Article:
PLAYABILITY: 'The Siege of Nicaea' is all at once hugely entertaining, engrossing in its intensity and simplistic in its drive, but it is also a scenario that stands well on its own feet for what is after all a build-and-destroy affair. Its minimalist game play mechanics allows the player the opportunity to forge his own destiny free from the shackles of scripted play, while the ability to play as the Byzantines grants the player a unique position to influence an event dominated historically by your European counterparts. What sets 'Nicaea' above others of its type though is the fact that it is very well designed and is complimented perfectly by the author's clever use of Userpatch 1.5. This allows for game play mechanics otherwise not possible with the vanilla version of the game, where amalgamated unit stats bring an extra layer of challenge and intrigue. The highlight here however is the carefully tailored AI, and something that should not be overlooked in how it influences the player's experience of the scenario. The sight of the first Norman battle formation marching confidently toward the Nicaean walls is a cool moment, and from there it's no bars hold as the Crusaders and Turks proceed to slaughter one another for the duration of the scenario until you are able to influence the battle decisively. There are often hundreds of units butchering one another with regular appearance, but it's the absence of lag that wins the day here, allowing for a fun game play mechanic to truly make its mark. Multiple objectives also allow the player to complete the scenario in an order of his choosing, although it's often always the obvious path to victory that will dictate the majority of play-throughs here. You could argue where 'Nicaea' falls flat is through its limited scope outside of the usual bloodshed. The lack of story and other game play mechanics is indeed noticeable at times, but I personally found that never to be an issue, not least when considering my overall enjoyment here. You are unlikely to find time for much else anyway between micromanagement of your forces in battle and fending off enemy forays, in what is largely a scenario created suitably for its purpose of action-orientated game play over a story-driven experience. With that being said, 'Nicaea' is not so much history as it is role play with creative licence, but it delivers a bloodbath of entertainment that you will not want to miss out on anytime soon. 5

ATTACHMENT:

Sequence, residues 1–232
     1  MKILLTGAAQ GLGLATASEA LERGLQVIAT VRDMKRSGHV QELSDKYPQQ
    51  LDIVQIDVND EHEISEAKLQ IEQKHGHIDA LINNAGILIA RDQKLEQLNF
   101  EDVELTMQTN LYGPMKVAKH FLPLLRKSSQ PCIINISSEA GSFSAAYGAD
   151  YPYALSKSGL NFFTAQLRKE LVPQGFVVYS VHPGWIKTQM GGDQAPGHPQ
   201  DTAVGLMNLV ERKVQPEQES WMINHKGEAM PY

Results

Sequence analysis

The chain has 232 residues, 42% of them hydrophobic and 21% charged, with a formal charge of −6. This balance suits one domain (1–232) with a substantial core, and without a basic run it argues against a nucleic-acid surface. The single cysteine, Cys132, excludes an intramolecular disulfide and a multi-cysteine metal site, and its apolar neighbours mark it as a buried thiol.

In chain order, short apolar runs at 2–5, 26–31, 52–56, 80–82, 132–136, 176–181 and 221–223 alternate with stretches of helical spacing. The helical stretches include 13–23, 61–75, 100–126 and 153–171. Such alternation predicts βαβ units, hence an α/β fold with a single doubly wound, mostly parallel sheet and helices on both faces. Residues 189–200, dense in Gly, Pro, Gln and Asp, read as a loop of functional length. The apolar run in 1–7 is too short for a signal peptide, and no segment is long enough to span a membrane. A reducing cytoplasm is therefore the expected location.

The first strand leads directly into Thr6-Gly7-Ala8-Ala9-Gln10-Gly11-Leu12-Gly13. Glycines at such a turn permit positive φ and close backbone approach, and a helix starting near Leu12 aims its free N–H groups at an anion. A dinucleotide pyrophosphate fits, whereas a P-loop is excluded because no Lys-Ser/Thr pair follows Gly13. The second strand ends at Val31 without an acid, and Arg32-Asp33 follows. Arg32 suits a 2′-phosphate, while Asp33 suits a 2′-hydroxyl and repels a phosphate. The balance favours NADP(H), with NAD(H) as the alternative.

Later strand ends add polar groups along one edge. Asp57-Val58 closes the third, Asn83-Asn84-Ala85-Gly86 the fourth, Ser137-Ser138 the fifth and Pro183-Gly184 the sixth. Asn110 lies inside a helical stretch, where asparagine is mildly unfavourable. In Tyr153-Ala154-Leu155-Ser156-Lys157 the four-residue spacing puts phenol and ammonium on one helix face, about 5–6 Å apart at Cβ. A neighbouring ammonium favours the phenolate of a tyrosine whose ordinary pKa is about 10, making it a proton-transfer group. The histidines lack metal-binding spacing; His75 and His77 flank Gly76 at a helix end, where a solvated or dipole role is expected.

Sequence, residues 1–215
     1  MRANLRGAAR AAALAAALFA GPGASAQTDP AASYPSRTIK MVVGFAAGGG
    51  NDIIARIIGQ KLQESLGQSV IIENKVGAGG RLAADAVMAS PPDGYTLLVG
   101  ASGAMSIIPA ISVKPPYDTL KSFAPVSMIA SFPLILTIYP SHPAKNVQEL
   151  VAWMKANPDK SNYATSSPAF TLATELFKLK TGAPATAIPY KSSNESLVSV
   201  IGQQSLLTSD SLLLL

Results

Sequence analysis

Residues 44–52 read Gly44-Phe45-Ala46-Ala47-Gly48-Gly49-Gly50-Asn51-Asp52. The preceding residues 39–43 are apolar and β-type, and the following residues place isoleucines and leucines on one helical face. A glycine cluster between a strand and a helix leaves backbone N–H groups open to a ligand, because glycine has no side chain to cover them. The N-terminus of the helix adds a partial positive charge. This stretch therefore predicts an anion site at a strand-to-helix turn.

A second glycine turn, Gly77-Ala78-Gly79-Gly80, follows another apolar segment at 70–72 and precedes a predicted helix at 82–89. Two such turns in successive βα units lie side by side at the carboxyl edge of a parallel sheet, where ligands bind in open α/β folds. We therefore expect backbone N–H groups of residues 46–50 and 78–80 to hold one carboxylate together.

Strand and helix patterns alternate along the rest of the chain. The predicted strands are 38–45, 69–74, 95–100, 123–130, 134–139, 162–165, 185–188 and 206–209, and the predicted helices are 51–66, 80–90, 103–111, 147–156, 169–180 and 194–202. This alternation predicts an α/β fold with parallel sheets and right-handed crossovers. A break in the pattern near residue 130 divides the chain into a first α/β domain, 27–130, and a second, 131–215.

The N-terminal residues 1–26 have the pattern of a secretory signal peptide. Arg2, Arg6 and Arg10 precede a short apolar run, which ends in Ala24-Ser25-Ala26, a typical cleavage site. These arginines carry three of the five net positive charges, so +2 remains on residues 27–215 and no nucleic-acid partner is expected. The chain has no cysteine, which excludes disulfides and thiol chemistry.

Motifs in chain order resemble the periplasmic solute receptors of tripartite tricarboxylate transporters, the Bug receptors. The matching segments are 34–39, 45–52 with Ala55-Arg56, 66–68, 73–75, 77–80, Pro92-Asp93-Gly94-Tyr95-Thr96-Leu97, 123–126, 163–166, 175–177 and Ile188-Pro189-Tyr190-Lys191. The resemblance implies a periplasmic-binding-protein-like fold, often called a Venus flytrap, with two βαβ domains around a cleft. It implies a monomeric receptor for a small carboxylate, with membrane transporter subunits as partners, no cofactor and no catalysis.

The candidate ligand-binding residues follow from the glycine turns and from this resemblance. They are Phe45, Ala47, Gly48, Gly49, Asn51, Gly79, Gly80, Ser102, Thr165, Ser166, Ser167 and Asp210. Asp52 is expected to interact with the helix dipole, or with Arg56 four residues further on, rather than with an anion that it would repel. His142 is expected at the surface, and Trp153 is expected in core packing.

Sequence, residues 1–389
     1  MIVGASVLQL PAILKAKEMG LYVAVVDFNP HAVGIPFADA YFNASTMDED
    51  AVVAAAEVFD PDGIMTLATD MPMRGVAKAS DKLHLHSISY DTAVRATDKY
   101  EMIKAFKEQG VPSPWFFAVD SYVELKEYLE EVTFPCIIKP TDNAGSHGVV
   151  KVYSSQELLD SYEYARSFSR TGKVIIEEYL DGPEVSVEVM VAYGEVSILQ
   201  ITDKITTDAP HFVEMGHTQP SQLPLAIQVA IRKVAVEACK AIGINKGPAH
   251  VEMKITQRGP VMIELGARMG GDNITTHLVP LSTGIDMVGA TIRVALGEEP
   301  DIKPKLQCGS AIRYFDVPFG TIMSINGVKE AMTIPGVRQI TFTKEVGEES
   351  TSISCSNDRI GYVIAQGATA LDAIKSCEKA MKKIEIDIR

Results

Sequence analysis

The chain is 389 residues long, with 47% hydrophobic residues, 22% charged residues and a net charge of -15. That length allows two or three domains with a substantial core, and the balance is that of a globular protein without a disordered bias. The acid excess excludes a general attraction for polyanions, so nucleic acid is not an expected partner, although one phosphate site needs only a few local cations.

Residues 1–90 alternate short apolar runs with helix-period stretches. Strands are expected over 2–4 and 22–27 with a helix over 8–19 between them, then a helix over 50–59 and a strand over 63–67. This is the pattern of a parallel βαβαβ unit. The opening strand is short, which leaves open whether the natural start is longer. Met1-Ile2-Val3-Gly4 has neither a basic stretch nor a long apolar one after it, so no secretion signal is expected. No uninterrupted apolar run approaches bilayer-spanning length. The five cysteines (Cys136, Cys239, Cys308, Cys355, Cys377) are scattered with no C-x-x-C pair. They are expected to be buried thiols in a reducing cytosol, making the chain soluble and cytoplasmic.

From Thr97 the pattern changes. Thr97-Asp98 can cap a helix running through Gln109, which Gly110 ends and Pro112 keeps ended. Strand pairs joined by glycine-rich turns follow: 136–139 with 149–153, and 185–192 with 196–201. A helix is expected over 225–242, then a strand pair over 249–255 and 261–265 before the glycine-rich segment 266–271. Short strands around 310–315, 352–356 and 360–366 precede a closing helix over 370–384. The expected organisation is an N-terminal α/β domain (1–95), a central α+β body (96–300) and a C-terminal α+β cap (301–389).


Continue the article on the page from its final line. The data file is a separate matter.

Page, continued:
BALANCE: The scenario features noticeable game play dynamics on each of the three difficulty levels, but given the higher than normal degree of challenge the scenario presents, newer players might consider starting on standard before moving up here. I played multiple times on moderate and hard and there was seldom a moment where I could sit back and relax, and this was in large part due to the highly entertaining nature of the AI as it relentlessly sent out entire armies of a hundred or so men in what was a blood bowl of death. The early game is particularly hectic, and much as in a multiplayer online experience, your initial resource management is vitally important as you look to start the game off on the right foot. I did find however that after defeating the raids conducted by local hill tribes, my starting base was never again threatened by external forces. This is a fatal flaw, as the nature of the objectives means the player will always be on the offence. Without any worries to the rear I happily stamped the full force of my army over the countryside, although it must be said time is still a major factor here as one particular enemy will strike further east and against your holdings if given the chance to defeat your French allies. All things considered, this category has admittedly proven difficult to rate. On one hand you are faced with the intense and highly-challenging nature of the early to mid game, while on the other hand once you manage to arrest control from about the midway point the prospect of defeat never lingers enough to have you looking over your shoulder. One enemy player in particular presents the greatest threat, but once this player has been dispatched the challenge to survive never again surfaces. It's a tough decision and one where I regularly find myself switching between the pros and cons. I think the only correct decision here is that the overall challenge, coupled with my personal experience over several playthroughs, falls somewhere in between that of a good to very good standard and therefore comes just short of a perfect rating. 4+